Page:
NY initiative advances cause of electronic medical health records

Electronic medical health record software is expensive and difficult. So a coalition of doctors and insurers are deploying the system via web services. The result: ease of use and low costs.

Hurricane Katrina showed the pressing need for electonic medical health records, an initiative that federal government officials are pressing hard. But the cost and complexity of the software has kept doctors from making the switch. According to Gartner, fewer than 5% of doctors use EMR software and among doctors practicing in groups of five or less the number is more like 3%, according to the Gartner Group.

One solution is the Taconic Network - a consortium of 500 doctors, hospitals, insurers and employers in New York's Hudson Valley - which, the New York Times reports today, has created a Web-based approach to EMR software. For the modest sum of about $500 a month, small groups of doctors can make the move to electronic records. That compares quite favorably with the tens of thousands of dollars and the steep learning curve for traditional software.

According to the Times:

The Hudson Valley effort is being watched as a potential model by federal and state government and industry officials, who say that up to 60 percent of Americans receive their primary care at small-scale physicians' offices. Unless those small medical practices can adopt the most modern and efficient information technology, millions of Americans may never know the benefits of the most advanced and safest care.

The Times quotes the federal government's health information coordinator, Dr. David J. Brailer:

"My mantra is to ask, How can we make electronic medical records cheaper and more valuable to the doctor?" Dr. Brailer said. "These are grass-roots efforts that are filling a hole that the federal and state governments cannot respond to."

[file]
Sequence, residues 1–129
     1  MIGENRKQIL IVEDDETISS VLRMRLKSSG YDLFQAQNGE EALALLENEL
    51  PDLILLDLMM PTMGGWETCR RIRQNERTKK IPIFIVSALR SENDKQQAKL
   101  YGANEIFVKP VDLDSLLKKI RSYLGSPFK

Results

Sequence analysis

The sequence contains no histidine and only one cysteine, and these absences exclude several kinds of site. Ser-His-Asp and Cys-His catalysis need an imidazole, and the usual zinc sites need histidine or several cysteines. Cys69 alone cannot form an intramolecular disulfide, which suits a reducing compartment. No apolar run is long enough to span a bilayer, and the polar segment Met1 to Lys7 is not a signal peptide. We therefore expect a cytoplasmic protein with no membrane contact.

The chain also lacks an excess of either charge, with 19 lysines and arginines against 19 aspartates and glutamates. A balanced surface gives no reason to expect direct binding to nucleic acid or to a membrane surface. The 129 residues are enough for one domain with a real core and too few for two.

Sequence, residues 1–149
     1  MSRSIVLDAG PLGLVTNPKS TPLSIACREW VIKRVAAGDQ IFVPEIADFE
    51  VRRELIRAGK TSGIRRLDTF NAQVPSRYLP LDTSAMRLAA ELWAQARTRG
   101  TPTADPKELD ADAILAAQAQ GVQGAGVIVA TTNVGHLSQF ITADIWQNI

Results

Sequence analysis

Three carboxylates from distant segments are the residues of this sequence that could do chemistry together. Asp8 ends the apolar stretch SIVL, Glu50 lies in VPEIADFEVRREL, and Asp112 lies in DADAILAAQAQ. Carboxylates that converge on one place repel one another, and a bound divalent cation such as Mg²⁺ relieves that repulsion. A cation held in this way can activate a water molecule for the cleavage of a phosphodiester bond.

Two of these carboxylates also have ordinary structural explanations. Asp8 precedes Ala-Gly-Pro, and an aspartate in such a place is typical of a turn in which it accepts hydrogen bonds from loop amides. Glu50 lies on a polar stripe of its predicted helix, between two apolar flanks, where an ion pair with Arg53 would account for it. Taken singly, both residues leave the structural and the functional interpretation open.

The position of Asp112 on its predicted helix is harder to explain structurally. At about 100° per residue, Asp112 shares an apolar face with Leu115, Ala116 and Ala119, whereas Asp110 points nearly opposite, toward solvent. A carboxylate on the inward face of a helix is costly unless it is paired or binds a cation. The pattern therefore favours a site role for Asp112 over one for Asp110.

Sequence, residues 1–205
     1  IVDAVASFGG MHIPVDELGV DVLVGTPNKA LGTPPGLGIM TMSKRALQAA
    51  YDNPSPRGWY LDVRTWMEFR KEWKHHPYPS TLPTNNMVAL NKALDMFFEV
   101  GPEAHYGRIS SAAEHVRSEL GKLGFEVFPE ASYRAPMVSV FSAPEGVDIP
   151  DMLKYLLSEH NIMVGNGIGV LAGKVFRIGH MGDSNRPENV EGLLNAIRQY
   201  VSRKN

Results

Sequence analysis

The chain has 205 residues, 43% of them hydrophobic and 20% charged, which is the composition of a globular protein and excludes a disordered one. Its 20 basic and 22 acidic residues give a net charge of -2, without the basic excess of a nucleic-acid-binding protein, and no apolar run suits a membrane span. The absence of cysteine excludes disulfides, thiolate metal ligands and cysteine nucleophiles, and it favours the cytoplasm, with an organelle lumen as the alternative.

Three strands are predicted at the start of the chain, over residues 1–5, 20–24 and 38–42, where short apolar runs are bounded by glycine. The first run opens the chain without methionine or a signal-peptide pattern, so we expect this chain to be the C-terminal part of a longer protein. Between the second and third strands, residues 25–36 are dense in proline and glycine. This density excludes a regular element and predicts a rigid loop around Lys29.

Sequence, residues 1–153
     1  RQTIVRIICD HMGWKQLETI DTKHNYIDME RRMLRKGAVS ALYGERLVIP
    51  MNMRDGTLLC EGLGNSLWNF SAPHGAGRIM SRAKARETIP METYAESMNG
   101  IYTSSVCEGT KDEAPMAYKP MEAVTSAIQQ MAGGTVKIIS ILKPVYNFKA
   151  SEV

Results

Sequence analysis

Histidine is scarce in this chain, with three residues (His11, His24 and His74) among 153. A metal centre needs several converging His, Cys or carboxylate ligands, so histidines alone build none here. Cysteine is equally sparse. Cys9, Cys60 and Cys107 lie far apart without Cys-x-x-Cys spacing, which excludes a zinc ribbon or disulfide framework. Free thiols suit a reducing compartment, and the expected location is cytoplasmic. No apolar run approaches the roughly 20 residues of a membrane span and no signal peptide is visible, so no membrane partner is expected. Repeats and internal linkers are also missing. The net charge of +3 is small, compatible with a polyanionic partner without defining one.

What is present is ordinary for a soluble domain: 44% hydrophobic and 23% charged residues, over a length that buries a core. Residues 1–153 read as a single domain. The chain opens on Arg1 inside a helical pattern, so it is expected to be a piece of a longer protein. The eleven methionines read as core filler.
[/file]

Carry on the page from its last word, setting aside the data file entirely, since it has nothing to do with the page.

Obviously, Taconic is an example of web services and it's a model for how systems of critical importance to government, whether they exist in public or private settings, are migrating to the modern paradigm of the Internet.  Check out how it works:

The key to the system is its secure shared database. "Instead of having dozens of systems in doctors' offices, it is hosted on one facility," Dr. Blair said.

All a participating doctor needs is at least one computer terminal with high-speed access to the Internet, he said, and a router computer for security protection and antivirus software. Some doctors have flat screens in each examining room. Some have wireless tablets or laptops they take from room to room. Most have separate terminals for themselves and their nurses and administrative staffs.

The Taconic network supplies the training for doctors and their staffs and maintains local support centers to troubleshoot the inevitable challenges posed by new software.

"That's what they need, that's why I like this model," said Dr. Handler at the Gartner research group. Without such technical support for small medical practices, "it's hard for them to get over the hurdles," he said.

 

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